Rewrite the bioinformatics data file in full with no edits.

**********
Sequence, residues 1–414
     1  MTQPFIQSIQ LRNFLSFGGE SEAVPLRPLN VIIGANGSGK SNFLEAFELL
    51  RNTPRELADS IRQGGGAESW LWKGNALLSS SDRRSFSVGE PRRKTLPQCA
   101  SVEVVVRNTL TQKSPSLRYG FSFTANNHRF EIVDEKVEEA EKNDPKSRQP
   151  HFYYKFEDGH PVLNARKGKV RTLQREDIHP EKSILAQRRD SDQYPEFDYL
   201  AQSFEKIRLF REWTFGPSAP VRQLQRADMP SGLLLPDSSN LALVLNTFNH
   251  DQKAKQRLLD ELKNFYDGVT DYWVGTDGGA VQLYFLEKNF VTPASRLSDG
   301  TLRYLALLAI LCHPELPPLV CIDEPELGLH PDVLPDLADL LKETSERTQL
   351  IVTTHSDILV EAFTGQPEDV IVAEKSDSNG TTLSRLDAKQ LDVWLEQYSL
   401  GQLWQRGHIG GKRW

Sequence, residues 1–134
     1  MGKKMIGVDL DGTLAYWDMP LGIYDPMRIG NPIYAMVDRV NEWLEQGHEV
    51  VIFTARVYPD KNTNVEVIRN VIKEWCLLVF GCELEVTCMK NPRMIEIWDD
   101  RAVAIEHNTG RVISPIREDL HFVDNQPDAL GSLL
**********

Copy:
Sequence, residues 1–414
     1  MTQPFIQSIQ LRNFLSFGGE SEAVPLRPLN VIIGANGSGK SNFLEAFELL
    51  RNTPRELADS IRQGGGAESW LWKGNALLSS SDRRSFSVGE PRRKTLPQCA
   101  SVEVVVRNTL TQKSPSLRYG FSFTANNHRF EIVDEKVEEA EKNDPKSRQP
   151  HFYYKFEDGH PVLNARKGKV RTLQREDIHP EKSILAQRRD SDQYPEFDYL
   201  AQSFEKIRLF REWTFGPSAP VRQLQRADMP SGLLLPDSSN LALVLNTFNH
   251  DQKAKQRLLD ELKNFYDGVT DYWVGTDGGA VQLYFLEKNF VTPASRLSDG
   301  TLRYLALLAI LCHPELPPLV CIDEPELGLH PDVLPDLADL LKETSERTQL
   351  IVTTHSDILV EAFTGQPEDV IVAEKSDSNG TTLSRLDAKQ LDVWLEQYSL
   401  GQLWQRGHIG GKRW

Sequence, residues 1–134
     1  MGKKMIGVDL DGTLAYWDMP LGIYDPMRIG NPIYAMVDRV NEWLEQGHEV
    51  VIFTARVYPD KNTNVEVIRN VIKEWCLLVF GCELEVTCMK NPRMIEIWDD
   101  RAVAIEHNTG RVISPIREDL HFVDNQPDAL GSLL